February ProgBlog #3: rinse repeat ad nauseum

5개월 전

I've spent an accumulation of 2-5 years redoing various swathes of work (mostly in the 3d department, but there was nearly a year worth of solid script fixing as well) for this project so to say that I am well and truly over it and desperately want a massive chunk of progress is an understatement of truly epic proportions.

But guess what I'm doing again because this

happened in 3d Coat and after failing to sort it out (there were some holes that 3d Coat would fill and otherwise it simply did not know what to do with) I sent the model to Blender to patch the holes.

Working from the inside (so I didn't get confused by the wireframe), I tried to be neat and just get rid of the jaggy bits.

In particularly large areas like this, I kept removing them to find layers upon layers upon layers of jaggy bits.

t got to a point where I completely gave up trying to just remove the problem polygons and ended up cutting out the entire sections (which sometimes took a fair few goes) and on being left with the clustersods in the middle, I would have liked to use the "delete loose" in the cleanup menu to get rid of them but apparently I'm too dumb to figure out how to use it as it didn't seem to want to do what it suggested it did, so I just link selected (hover over main mesh and press L) and then inverted and deleted all the loose parts.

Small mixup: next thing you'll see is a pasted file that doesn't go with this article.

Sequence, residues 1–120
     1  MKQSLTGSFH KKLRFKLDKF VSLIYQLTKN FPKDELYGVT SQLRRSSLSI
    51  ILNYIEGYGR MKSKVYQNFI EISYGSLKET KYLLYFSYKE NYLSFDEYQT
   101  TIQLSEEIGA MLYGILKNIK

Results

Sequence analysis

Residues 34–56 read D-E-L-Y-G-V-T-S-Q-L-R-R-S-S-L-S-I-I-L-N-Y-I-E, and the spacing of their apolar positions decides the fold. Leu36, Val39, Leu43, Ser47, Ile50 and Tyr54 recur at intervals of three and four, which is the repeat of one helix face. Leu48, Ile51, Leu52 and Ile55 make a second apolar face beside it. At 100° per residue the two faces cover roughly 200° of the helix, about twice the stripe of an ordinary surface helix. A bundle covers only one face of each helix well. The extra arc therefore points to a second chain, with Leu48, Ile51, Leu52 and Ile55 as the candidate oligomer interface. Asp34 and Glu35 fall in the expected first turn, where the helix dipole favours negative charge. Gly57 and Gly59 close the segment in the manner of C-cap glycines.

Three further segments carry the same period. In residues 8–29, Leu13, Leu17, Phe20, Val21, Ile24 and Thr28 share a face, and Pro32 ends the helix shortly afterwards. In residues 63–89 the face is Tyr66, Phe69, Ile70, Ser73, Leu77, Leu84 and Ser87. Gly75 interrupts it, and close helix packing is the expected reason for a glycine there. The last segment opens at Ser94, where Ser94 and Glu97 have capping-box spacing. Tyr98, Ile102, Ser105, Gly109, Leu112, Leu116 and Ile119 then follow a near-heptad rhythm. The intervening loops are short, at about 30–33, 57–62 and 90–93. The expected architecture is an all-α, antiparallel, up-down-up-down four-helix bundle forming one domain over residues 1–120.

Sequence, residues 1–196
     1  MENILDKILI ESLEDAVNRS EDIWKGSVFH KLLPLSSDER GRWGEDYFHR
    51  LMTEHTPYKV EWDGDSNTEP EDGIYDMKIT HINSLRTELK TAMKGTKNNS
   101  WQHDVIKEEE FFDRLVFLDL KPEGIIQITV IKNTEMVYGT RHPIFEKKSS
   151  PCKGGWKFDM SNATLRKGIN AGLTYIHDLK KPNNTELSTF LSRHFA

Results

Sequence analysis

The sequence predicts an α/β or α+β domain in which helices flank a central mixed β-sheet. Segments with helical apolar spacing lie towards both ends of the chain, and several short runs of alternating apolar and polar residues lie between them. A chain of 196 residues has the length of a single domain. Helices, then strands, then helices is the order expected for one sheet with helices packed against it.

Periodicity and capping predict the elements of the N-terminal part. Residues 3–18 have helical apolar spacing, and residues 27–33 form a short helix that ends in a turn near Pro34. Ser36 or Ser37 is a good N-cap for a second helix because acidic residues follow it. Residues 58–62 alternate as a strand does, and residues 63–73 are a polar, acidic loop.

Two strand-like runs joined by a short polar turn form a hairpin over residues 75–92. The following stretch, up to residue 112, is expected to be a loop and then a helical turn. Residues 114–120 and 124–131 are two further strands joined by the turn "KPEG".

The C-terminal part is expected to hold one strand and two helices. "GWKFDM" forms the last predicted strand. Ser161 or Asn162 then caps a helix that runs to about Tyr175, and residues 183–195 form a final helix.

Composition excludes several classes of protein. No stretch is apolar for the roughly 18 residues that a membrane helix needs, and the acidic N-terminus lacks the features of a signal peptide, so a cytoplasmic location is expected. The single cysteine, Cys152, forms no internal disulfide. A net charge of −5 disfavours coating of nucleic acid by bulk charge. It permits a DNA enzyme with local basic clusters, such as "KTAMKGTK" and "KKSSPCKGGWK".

Then had fun patching all the holes by selecting edge loops (which often had to be selected in several stages because they weren't proper edge loops) and either hitting F (fill) followed by ctrl+T (triangulate) if the loop was open and ctrl+F (which does the same thing as the previous two operations but in one go, only works on closed loops though) if it was closed.

After resymmetrising it (another thing I couldn't do in 3dC because it kept crashing) I sent it back to 3dC to finish the sculpt.

And promptly rage quit (so no screenies) because I could not for the life of me get rid of the lumpiness in the mesh. As far as I can tell it seems to be a long running problem but only sometimes and only for some people. In my case I was actually able to get rid of a lot of the lumpiness in the torso, but seemed like in the wing fingers no matter what I did, they would come back. I tracked them to these pockets of super dense mesh which I can never seem to get rid of as after clearing them out with the "clean clay" tool (which has a bunch of subtools in it like remesh, reconstruct, reduce and a couple of other things I don't really use) and then going over them again with the live clay tools they always come back and always in the same spot. As the mesh is already pretty dense I've also tried using the non-liveclay tools (which don't dynatopo) but it still won't smoothe and shaping with it brings a completely different set of problems (mostly stretched polygons in the areas that are low which then explode when you touch them with a liveclay tool).